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Civil society organisations propose strengthened partnerships to achieve sustainable development
Published on September 3, 2013 Email To Friend    Print Version

BRIDGETOWN, Barbados -- Caribbean and Pacific civil society organisations have proposed to their governments that strengthening partnerships with them will contribute to achieving sustainable development in small island developing states (SIDS).

The call was made at the SIDS Inter-regional Preparatory Meeting held in Barbados 26-28 August 2013, which was held to prepare for the Third International Conference on Small Island Developing States which will be held from 1 to 4 September 2014 in Apia, Samoa. The theme of the conference was “Sustainable development of Small Island Developing States through genuine and durable partnerships”.

In a prepared statement delivered to the meeting on behalf of the NGO major group, Nicole Leotaud from the Caribbean Natural Resources Institute (CANARI), noted that civil society organisations “bring to the table our connections and knowledge of issues and opportunities on the ground, perspectives from diverse stakeholders which we represent, and our innovative, integrated and inclusive approaches to development”.

One of the nine major civil society groups participating in the meeting in Barbados, the NGO major group identified four priority areas that must be addressed for sustainable development in SIDS: participatory governance, economic development, ocean governance and building resilience to risks. They also recommended specific practical actions that need to be taken to address these priorities.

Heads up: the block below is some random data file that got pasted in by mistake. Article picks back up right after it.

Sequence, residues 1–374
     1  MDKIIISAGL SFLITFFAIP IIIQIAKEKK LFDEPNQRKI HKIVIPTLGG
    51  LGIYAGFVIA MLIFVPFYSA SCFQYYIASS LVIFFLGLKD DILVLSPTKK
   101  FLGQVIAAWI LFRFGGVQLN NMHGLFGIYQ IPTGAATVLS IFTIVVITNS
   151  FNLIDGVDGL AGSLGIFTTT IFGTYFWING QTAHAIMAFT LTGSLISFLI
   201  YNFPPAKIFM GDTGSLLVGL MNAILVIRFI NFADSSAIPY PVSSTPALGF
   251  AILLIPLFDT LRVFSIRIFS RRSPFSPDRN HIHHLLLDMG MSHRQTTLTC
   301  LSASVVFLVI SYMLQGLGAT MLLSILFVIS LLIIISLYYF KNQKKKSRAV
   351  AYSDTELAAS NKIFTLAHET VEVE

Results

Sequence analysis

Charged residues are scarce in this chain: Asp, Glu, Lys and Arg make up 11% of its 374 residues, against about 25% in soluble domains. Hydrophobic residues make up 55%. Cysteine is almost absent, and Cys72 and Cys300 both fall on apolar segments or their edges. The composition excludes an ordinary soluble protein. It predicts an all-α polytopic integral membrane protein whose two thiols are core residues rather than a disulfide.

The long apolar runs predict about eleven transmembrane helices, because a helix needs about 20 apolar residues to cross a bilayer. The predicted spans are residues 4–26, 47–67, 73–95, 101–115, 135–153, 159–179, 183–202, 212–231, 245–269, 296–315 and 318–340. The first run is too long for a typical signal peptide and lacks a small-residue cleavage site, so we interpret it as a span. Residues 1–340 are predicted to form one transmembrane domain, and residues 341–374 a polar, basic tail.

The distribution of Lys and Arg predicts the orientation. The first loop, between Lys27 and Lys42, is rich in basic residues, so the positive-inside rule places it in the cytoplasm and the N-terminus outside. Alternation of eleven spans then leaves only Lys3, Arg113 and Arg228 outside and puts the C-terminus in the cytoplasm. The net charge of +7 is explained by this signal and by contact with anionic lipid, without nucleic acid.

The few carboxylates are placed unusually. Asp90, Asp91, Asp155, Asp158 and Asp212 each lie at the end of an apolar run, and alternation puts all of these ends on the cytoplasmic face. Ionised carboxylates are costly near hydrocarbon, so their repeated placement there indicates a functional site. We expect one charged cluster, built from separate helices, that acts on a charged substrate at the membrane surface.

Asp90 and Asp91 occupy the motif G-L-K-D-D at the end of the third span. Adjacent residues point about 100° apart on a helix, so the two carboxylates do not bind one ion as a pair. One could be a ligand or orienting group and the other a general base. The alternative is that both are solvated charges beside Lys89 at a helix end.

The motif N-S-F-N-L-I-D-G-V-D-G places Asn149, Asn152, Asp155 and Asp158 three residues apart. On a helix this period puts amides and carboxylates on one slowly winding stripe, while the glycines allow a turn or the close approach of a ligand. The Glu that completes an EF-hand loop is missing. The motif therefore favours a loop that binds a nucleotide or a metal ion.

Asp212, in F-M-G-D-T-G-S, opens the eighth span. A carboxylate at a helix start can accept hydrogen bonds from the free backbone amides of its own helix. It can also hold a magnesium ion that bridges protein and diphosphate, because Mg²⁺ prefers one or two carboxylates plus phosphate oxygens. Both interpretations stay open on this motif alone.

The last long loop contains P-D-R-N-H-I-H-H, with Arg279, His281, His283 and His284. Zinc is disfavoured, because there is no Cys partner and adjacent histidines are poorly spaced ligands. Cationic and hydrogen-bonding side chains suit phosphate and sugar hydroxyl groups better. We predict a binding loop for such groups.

Much of the discussions of the preparatory process have focused on identifying practical and pragmatic actions that could be taken by all countries to accelerate implementation of sustainable development priorities set by SIDS in previous conferences in Barbados in 1994 and Mauritius in 2005. SIDS will also be promoting their priorities in global discussions on development of new sustainable development goals to replace the current Millennium Development Goals which end in 2015.

As SIDS countries recognise that progress towards achieving these priorities has been slow, civil society organisations called on SIDS governments to recognise the significant contribution that they are already making to sustainable development, and to develop or strengthen mechanisms for public sector-civil society partnerships that would enable them to make a greater contribution.

Mechanisms proposed include: enabling policies and legislation; strengthening representation on national, regional and global decision-making and advisory bodies; strengthening appropriate channels for engagement with government and development partners; sharing information with, and seeking information from, civil society on key development issues; and supporting dialogue among civil society on national, regional and global decision-making process.

Although civil society is increasingly being recognised as a vital “third sector” operating alongside the public and private sectors, in practice much more needs to be done to develop effective partnerships to better leverage the expertise, knowledge and experience of civil society.
 
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